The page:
According to the prestigious Institute of Medicine (IOM), “Thirty cents of every dollar spent on U.S. health care – a total of $750 billion – was wasted in 2009 on unnecessary services, excessive administrative costs, fraud and other problems.”
There are many ways to portray healthcare inefficiencies. One way is to ridicule the industry by reflecting its waste onto other industries, as listed below. Another is to explore what the $750 billion in wasted money could buy, as Allison McCartney did in her infographic (below). We could also examine what’s possible if healthcare were to adopt best practices from other industries, including the computer industry.
RIDICULE: If other industries had the waste of healthcare, the IOM projected the following:
- Banking: ATM transactions would no longer take just seconds but perhaps days or longer as a result of unavailable or misplaced records.
- Home-building: Carpenters, electricians and plumbers would each work with different blueprints and with very little coordination.
- Shopping: Product prices would not be posted, and the price charged would vary widely within the same store. You wouldn’t know the total until weeks later when all of the separate bills finally arrived.
- Automobile Manufacturing: Car manufacturers wouldn’t be required to pay for defects, and there would be no warranties. As a result, few factories would seek to monitor and improve production line performance and product quality.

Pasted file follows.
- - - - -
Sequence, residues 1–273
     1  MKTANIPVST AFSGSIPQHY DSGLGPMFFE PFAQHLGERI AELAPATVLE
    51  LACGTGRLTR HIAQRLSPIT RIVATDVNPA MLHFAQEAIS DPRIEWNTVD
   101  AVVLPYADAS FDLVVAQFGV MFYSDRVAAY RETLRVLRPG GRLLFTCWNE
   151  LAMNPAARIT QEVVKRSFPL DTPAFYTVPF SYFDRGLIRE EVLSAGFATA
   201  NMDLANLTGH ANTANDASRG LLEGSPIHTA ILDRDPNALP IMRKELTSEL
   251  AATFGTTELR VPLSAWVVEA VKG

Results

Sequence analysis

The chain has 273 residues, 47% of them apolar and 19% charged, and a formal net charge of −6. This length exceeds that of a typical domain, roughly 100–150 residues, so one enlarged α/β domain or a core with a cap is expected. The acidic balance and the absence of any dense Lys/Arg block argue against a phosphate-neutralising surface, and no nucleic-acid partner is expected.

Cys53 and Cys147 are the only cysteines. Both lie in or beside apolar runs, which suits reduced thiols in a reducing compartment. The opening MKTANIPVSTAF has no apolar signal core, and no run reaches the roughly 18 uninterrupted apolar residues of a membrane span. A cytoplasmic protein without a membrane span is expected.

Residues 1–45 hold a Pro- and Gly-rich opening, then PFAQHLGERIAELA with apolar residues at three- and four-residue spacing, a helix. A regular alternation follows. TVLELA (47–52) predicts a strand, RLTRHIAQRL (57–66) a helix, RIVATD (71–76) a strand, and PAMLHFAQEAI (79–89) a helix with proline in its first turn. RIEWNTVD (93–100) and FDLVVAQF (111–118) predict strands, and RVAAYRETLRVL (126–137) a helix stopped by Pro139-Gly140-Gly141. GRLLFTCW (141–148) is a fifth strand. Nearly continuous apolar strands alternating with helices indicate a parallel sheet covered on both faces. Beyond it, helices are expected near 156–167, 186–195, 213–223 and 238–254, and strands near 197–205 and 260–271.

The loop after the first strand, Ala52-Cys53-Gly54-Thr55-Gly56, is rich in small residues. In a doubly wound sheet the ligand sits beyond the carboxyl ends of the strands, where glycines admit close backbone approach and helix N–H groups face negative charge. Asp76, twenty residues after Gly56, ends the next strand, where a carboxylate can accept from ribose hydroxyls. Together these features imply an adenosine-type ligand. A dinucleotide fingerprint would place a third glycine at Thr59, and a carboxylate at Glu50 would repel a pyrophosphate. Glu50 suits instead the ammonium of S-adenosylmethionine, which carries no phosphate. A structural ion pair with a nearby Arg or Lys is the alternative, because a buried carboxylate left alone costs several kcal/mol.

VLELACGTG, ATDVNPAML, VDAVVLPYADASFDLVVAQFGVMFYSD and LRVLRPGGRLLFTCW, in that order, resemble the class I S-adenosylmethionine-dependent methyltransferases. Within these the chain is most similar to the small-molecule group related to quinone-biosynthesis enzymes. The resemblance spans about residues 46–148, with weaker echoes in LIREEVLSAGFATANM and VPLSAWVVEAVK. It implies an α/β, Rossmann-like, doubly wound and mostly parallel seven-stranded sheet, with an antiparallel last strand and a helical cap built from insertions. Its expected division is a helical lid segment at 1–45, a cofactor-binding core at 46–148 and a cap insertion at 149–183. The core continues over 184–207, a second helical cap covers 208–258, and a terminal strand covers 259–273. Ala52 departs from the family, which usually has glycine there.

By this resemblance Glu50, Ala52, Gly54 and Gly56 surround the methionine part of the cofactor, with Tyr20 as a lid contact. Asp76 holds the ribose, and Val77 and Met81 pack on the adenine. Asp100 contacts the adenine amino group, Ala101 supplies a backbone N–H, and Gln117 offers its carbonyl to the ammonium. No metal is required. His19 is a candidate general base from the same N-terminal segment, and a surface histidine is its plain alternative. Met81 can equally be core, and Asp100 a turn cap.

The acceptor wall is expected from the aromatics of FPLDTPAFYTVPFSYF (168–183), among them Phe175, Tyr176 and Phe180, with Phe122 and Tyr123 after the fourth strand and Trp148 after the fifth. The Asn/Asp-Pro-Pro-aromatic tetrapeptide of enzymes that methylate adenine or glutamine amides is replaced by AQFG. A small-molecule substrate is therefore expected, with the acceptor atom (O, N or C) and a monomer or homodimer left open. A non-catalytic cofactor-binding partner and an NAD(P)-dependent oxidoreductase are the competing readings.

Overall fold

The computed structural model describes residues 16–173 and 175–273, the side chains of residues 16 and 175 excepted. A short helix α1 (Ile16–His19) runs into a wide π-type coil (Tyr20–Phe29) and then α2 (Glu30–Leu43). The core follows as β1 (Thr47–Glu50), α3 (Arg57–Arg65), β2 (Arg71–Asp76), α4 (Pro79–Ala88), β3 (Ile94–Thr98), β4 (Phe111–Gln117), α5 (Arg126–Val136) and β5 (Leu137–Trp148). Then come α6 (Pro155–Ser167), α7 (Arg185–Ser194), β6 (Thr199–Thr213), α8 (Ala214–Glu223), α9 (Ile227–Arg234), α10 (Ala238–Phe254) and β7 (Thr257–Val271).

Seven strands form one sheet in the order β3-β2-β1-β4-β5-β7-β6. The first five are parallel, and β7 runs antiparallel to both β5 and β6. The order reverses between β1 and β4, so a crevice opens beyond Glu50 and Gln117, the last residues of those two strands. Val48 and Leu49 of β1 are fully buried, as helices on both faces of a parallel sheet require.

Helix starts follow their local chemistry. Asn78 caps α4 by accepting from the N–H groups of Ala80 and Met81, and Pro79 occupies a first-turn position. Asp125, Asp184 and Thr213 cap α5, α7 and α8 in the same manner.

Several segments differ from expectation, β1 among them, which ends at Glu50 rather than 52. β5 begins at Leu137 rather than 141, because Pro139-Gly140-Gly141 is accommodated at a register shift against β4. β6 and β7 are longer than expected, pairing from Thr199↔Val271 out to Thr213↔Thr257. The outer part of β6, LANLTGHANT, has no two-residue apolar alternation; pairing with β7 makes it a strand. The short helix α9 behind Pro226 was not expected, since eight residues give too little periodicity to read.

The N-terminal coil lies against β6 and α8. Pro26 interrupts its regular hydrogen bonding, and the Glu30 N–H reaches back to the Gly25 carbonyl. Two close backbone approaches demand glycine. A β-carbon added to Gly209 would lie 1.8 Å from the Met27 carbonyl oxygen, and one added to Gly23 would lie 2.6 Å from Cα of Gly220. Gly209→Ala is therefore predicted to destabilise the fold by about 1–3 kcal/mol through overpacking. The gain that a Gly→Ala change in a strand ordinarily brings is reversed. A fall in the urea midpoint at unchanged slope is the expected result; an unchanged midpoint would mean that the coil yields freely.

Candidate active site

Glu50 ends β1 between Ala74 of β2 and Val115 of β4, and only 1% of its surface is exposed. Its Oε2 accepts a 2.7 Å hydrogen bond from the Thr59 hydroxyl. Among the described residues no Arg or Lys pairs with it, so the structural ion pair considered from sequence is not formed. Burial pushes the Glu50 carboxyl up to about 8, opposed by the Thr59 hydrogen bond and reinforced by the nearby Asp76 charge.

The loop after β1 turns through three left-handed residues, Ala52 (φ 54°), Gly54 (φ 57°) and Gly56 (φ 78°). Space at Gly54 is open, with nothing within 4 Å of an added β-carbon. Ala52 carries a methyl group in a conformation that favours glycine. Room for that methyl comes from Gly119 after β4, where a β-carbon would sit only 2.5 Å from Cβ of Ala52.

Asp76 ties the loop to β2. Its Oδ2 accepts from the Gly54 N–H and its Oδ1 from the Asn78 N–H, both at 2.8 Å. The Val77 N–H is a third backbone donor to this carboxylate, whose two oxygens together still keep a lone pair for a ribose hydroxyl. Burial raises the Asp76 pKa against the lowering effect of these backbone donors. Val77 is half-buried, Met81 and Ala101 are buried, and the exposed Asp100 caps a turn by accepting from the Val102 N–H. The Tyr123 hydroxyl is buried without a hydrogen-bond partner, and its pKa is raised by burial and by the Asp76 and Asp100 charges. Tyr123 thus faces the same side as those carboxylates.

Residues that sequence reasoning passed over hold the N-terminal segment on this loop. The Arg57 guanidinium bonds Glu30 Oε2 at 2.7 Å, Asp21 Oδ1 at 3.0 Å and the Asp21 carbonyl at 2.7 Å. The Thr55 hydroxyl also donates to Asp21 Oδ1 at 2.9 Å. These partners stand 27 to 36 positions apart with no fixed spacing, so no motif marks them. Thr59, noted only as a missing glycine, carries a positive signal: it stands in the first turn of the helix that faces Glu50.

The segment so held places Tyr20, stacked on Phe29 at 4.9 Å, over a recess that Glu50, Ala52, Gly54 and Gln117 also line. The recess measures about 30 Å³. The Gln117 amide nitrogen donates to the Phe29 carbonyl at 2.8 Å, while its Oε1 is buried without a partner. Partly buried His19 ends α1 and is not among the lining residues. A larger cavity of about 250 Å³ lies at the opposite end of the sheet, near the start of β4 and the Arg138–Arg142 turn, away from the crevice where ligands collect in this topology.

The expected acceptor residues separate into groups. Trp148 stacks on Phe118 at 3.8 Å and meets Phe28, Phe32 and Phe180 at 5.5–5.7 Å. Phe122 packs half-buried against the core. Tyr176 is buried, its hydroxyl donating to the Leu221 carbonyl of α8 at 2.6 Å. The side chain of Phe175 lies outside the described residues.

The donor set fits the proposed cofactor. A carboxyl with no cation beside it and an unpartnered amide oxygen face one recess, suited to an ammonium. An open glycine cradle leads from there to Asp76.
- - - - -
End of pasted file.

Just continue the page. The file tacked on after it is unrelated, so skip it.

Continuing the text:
- Airline travel: Pilots could design their own pre-flight safety check, or not perform any at all.
Is Technology the Answer or Part of the Problem?
Just as technology is changing the way we live and work, technologies like smartphones & tablets are helping the health care industry — like the continued push for broadband, telehealth, and EHR adoption to extend health care to rural areas. As clinicians get familiar with mobile devices, they become hungry to use the technology to improve the patient care process. Nonetheless, major obstacles remain, like patient privacy, usability, and radio interference among wireless devices, just to name a few. Janet Dillione (General Manager, Nuance Healthcare) wrote a recent article in Huffington Post on how technology might address the $750 health care waste problem.